This seems like a much more fun approach than saying: "Yes, you can create a copy of a sword by using ReTe on a hunk of metal, but you can't create a copy of a book's content by using ReAn(He) on some vellum".


The only reason I can think of is to stop the development of a magic printing press...and the only reason I think that's a bad idea is that it should change the setting if it is widely used in the Order. I don't actually think that one PC covenant with a printing press (or photocopier) is a problem; it's a matter of whether it is plausible that no-one else has come up with the idea. And if there is no reason no-one else has come up with the idea, why hasn't every-one. Of course, you could get a long way with "they haven't thought of it", or "they can't be bothered" as an excuse.

Do you have another reason why copying should cost something?

This seems like a sensible statement, but I don't think it is.

Would you ban an InVi(He) spell that allowed a magus to quickly find vis in the forest, on the basis that it gives him more time and resources?

Surely, these sorts of spells are just the players being clever. I'd rather find ways to allow the players' clever ideas to work, than reasons why they can't work.

If by 'quickly' you mean in less than the season or so the rules specify? Yes, I would rule against that. Such spells may add a bit to the functional lab total or provide an excuse to find a particular kind of vis or something like that.

Yes, you can play the 'what if they didn't bother' game with spells, but copying books is so utterly obvious and necessary that there is really no reason for a copy spell to not be widespread and mandatory.

I love players being clever and using their magic in innovative ways. But I don't consider these 'clever'. They are so blindingly obvious that if they worked, the rules ought to be built around how they work because no one in their right mind would do it any other way. If you could photocopy books and scour the woods for vis with a spell, those things would be the way the world works. All this other drivel with actually looking or using scribes would make as much sense as someone today asking to use an 8 track cassette to store music.

Though, actually, I'd probably allow a duplicate book spell and just give it a functionally impossible Finesse roll due to the complexity like 21 or 24. And maybe there were enough spectacular disasters from corrupt texts in the past that the Order abandoned the use of such spells? Hmmm....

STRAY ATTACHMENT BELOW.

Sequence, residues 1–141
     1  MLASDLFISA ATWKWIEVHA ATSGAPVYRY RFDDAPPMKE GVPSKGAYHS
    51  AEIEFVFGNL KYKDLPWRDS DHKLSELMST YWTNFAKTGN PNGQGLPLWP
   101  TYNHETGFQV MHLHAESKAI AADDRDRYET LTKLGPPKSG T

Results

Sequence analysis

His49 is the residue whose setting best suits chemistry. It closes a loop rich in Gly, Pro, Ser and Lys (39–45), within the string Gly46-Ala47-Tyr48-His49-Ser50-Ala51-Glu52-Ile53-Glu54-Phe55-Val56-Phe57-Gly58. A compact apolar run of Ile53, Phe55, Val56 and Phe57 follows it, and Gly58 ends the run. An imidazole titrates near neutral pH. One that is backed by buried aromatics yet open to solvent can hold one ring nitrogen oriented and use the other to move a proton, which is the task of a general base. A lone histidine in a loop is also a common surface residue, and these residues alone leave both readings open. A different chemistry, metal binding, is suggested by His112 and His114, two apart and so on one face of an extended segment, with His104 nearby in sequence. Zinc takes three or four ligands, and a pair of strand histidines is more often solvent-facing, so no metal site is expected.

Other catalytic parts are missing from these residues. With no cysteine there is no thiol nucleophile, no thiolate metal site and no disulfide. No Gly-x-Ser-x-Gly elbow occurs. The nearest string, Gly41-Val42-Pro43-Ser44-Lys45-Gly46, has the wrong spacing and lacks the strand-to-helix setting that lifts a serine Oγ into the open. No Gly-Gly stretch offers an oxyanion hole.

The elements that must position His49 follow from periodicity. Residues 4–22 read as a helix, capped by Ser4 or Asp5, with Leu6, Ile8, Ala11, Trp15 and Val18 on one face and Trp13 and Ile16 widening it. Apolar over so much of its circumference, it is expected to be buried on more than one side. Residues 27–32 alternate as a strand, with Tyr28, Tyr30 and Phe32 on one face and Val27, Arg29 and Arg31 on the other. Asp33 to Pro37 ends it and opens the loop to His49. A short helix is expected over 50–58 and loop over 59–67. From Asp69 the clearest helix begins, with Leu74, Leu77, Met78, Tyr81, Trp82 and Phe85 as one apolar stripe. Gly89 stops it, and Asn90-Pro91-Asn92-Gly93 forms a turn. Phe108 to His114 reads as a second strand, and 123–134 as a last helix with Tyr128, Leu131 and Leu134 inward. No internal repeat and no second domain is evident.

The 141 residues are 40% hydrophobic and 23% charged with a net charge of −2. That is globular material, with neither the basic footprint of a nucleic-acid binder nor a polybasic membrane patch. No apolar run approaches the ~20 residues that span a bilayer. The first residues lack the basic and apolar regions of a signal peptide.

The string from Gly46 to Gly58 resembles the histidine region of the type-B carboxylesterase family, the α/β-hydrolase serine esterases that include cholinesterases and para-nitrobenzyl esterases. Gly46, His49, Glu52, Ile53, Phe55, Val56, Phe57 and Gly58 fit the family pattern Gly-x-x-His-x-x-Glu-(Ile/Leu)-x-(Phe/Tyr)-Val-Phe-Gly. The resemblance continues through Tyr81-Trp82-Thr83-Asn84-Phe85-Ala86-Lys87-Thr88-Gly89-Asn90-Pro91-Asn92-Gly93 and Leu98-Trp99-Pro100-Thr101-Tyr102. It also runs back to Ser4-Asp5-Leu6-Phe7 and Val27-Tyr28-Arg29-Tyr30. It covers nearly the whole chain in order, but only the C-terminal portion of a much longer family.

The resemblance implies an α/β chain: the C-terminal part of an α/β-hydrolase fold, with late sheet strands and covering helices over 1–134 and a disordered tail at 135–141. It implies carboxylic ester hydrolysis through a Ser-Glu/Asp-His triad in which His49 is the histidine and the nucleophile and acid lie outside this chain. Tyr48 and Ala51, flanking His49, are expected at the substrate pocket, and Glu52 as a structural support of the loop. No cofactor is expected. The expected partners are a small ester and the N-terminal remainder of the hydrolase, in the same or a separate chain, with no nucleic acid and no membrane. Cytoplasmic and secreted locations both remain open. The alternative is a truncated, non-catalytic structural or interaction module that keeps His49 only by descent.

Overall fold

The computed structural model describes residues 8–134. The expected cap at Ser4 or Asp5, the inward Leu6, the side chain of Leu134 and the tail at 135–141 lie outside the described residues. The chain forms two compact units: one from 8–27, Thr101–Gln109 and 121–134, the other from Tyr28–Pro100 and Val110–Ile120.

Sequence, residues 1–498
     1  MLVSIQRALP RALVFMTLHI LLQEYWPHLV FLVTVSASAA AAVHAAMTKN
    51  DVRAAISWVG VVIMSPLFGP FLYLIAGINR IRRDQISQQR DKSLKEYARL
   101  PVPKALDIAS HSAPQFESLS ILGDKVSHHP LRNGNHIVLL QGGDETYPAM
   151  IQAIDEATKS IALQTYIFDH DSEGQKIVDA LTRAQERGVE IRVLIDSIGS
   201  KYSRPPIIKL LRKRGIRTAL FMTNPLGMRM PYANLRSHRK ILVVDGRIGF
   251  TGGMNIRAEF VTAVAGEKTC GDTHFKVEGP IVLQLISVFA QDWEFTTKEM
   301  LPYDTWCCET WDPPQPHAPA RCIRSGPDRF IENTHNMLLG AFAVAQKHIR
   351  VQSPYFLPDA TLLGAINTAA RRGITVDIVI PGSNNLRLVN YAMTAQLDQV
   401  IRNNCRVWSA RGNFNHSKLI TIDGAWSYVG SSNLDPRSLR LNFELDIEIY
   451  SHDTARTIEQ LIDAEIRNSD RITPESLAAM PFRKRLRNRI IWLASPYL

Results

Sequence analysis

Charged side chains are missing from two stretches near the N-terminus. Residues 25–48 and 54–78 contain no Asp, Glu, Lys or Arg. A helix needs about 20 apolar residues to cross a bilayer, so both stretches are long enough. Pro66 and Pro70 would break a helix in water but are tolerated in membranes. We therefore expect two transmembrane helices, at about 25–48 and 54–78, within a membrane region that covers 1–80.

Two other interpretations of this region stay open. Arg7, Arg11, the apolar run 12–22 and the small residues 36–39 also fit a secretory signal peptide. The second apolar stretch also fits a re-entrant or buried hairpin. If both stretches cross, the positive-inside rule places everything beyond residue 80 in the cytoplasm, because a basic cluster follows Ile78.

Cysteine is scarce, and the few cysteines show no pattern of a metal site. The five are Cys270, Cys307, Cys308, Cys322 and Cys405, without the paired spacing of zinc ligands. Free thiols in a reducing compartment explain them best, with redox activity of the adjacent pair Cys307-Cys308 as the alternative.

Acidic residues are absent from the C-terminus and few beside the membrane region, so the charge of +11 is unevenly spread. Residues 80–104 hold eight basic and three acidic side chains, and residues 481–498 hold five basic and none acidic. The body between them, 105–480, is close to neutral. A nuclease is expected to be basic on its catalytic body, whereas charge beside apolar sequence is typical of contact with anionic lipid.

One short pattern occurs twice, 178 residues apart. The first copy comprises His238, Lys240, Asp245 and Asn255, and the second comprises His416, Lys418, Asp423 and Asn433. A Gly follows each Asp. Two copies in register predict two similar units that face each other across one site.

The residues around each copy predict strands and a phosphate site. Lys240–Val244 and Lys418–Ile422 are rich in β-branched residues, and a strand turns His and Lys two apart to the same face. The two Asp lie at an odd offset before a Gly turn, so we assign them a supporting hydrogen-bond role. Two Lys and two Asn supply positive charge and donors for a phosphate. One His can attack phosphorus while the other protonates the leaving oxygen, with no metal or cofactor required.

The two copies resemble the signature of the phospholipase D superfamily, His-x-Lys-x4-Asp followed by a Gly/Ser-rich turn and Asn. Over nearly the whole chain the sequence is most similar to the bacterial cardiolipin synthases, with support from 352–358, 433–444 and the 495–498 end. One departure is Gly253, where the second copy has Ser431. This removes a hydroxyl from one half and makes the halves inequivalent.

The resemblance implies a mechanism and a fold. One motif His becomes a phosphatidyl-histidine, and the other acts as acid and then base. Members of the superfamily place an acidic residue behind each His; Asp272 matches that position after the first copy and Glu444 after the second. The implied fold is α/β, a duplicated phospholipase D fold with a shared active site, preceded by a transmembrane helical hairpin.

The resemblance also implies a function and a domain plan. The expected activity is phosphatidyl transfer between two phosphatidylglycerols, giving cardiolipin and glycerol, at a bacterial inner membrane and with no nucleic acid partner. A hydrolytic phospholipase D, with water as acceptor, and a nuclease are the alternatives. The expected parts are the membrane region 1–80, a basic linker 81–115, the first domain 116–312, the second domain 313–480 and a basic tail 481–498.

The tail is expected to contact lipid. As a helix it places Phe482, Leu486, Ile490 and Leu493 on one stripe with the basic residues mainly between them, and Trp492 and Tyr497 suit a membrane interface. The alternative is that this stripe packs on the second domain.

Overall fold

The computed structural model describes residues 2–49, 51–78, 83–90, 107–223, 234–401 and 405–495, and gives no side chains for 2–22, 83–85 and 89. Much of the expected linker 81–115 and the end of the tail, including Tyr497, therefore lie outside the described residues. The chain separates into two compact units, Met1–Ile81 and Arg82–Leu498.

Edit: As another aside, IMC its not really typical for covenants to have Magic Theory trained scribes. Most wizards are too arrogant to read the rule book and realize a single season of tutoring in Hermetic Theory will make their scribes better. Their thought is usually more like "argh, useless mundanes! What do we pay them for anyway." Teaching Magic Theory to mundanes is like tossing pearls before swine.

There are quite a few covenants with properly trained scribes, but they usually came about it by accident.. an early scribe was a failed apprentice or a hedge wizard and happened to train his successors in the relevant abilities.

The inspeximus is the usual way final copies of books are done in my campaign.. the scribe copies the book and the magus proof reads it. Or a magus supervises multiple scribes during the process.

I'm not overly fond of the 'no magic theory means automatic corruption' rule anyway. I apply it to Grimoires and other lab texts, but for Theory less scribing of Arts books, there's a Profession: Scribe check involved to avoid errors.

OK, so transporting the book is somewhat prohibitive because of the level and the Aegis.

So, forgetting the Aegis for the moment, might an arcane connection to an individual page of a book allow the caster to view that page from a distance even if the book is closed?

I see that to view at a distance one must take into account the prevailing conditions of the area being viewed. So if one were to view a page at a distance and the book was closed the view would be, presumably, black.

But if one has an arcane connection to a page in a closed book might that connection allow a caster to "see" the page, despite prevailing conditions?

Getting back to the Aegis, I'm assuming (without books @ work) that penetration of an Aegis works the same as penetrating parma. Meaning that having an arcane connection to a covenant would aid in penetrating the Aegis.

BTW, I am kind of glad that it isn't easy to copy a book. I'm not necessarily trying to break the rules or game the system for an unfair advantage. For the character I had in mind manual scribing is juuuust fine.

"Viewing" the page by looking at it in a traditional crystal ball sense is certainly going to be a problem because the page is in darkness, as you menton.

There is a spell in Covenants called "Eternal Repetition in a Bottomless Pool" [CrIm 35 R: Arc D: Sun T: Ind] that lets one view the contents of a book in a scrying surface (pool of water or magical mirror). This includes turning the pages of the image by verbal command. You can definitely quibble with its interpretations of how the guidelines work, but its a published spell in an official supplement.

The key element there is getting an AC to the book that lasts long enough to use it for serious study.

By the way, if you're magically copying books, you likely can forget about any resonant material bonuses.